Mondaq Ltd and/or its respective suppliers make no representations about the suitability of the information contained in the documents and related graphics published on this server for any purpose. All such documents and related graphics are provided "as is" without warranty of any kind. Mondaq Ltd and/or its respective suppliers hereby disclaim all warranties and conditions with regard to this information, including all implied warranties and conditions of merchantability, fitness for a particular purpose, title and non-infringement. In no event shall Mondaq Ltd and/or its respective suppliers be liable for any special, indirect or consequential damages or any damages whatsoever resulting from loss of use, data or profits, whether in an action of contract, negligence or other tortious action, arising out of or in connection with the use or performance of information available from this server.

The documents and related graphics published on this server could include technical inaccuracies or typographical errors. Changes are periodically added to the information herein. Mondaq Ltd and/or its respective suppliers may make improvements and/or changes in the product(s) and/or the program(s) described herein at any time.


Mondaq Ltd requires you to register and provide information that personally identifies you, including what sort of information you are interested in, for three primary purposes:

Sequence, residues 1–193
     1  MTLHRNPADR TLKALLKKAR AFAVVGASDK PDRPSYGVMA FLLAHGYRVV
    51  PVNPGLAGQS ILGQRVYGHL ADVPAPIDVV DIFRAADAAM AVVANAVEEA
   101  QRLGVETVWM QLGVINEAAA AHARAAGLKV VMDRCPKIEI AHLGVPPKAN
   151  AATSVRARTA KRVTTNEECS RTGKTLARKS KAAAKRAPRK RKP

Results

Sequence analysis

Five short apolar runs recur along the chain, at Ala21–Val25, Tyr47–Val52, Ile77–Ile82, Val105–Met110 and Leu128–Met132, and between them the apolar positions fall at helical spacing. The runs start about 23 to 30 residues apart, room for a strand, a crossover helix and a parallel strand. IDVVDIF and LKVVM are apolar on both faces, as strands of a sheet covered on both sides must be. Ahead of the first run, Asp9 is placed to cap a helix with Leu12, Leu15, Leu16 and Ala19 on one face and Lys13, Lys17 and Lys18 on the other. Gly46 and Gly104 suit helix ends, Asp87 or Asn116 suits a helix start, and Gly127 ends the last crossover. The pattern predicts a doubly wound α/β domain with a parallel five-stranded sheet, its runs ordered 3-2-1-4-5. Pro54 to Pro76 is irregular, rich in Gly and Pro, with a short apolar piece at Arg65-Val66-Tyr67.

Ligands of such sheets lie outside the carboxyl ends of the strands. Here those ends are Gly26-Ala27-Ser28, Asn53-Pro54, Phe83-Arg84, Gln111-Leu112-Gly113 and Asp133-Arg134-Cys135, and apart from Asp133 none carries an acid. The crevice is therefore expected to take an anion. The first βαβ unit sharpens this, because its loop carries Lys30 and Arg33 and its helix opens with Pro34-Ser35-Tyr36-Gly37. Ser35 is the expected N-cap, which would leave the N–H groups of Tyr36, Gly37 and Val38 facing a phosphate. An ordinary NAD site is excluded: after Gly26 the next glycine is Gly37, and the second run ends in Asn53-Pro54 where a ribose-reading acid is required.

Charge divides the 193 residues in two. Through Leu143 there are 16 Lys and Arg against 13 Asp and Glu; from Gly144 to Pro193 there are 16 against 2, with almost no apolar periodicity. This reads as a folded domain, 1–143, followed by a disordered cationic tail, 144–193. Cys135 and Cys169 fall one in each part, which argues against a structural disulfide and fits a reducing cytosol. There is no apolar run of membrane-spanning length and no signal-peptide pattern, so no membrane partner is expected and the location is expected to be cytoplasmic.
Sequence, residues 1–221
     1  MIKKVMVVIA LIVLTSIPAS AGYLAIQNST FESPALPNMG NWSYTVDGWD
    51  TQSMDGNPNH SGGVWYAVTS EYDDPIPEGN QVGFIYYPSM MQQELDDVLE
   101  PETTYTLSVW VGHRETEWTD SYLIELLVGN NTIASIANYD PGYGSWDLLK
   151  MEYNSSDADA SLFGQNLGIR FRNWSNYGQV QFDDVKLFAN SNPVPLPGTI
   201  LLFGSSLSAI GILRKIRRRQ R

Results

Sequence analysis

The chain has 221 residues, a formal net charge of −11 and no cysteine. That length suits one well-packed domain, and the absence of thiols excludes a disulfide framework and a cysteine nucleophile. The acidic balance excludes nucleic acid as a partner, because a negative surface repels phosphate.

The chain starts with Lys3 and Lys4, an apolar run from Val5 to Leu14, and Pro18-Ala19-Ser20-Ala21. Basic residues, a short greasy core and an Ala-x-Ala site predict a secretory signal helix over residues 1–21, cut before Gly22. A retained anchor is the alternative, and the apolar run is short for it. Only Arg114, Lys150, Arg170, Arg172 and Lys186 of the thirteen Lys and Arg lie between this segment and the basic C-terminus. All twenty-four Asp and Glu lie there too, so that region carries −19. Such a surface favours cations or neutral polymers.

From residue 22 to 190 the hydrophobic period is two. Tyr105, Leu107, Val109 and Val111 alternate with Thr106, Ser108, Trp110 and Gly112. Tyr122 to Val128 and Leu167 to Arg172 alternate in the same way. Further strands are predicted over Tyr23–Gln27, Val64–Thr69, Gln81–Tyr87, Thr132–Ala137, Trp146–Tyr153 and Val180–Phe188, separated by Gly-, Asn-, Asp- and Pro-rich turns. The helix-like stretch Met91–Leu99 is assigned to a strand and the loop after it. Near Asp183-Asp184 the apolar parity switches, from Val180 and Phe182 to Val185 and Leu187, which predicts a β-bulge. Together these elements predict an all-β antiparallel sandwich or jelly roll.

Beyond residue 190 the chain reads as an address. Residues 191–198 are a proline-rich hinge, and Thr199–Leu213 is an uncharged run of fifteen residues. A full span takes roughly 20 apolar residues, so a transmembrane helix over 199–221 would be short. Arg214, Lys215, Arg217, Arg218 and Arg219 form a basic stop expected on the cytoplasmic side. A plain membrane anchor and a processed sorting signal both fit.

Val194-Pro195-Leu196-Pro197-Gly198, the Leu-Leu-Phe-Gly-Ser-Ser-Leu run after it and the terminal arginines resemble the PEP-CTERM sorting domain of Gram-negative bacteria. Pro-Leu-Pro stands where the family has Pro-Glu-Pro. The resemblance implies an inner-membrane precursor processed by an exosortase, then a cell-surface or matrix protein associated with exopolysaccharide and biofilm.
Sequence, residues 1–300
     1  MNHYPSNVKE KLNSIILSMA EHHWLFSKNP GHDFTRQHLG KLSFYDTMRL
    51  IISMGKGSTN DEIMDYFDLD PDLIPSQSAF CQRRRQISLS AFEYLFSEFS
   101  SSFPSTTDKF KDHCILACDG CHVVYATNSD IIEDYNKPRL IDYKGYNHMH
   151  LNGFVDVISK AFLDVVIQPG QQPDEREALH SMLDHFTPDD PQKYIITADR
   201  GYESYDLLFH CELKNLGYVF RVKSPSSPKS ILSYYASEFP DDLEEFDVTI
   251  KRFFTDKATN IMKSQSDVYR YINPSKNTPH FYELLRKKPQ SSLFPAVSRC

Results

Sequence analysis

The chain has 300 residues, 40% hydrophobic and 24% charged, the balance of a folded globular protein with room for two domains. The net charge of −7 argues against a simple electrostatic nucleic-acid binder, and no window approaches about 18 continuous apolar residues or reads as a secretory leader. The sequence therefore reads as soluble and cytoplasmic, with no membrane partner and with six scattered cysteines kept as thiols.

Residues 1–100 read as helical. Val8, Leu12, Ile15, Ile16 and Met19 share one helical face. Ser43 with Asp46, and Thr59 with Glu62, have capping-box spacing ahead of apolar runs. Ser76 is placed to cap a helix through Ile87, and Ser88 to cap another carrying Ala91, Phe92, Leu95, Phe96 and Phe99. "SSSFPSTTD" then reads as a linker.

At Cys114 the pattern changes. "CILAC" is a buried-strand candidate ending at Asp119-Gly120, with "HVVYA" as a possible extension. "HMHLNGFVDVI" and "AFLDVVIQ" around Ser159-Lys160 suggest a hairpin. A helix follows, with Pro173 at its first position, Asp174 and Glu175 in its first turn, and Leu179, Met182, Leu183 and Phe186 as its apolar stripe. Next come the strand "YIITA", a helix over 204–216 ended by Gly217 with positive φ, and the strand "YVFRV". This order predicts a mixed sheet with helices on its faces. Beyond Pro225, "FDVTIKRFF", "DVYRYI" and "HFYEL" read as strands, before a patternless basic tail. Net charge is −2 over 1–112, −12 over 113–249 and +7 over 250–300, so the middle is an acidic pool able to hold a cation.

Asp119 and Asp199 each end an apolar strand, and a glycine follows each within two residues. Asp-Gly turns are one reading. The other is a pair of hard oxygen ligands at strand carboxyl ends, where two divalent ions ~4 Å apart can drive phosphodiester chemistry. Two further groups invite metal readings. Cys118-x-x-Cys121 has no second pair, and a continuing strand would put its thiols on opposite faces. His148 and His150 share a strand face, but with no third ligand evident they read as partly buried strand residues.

• To allow you to personalize the Mondaq websites you are visiting.
  • To enable features such as password reminder, newsletter alerts, email a colleague, and linking from Mondaq (and its affiliate sites) to your website.
  • To produce demographic feedback for our information providers who provide information free for your use.

Mondaq (and its affiliate sites) do not sell or provide your details to third parties other than information providers. The reason we provide our information providers with this information is so that they can measure the response their articles are receiving and provide you with information about their products and services.

If you do not want us to provide your name and email address you may opt out by clicking here .

If you do not wish to receive any future announcements of products and services offered by Mondaq by clicking here .

Information Collection and Use

We require site users to register with Mondaq (and its affiliate sites) to view the free information on the site. We also collect information from our users at several different points on the websites: this is so that we can customise the sites according to individual usage, provide 'session-aware' functionality, and ensure that content is acquired and developed appropriately. This gives us an overall picture of our user profiles, which in turn shows to our Editorial Contributors the type of person they are reaching by posting articles on Mondaq (and its affiliate sites) – meaning more free content for registered users.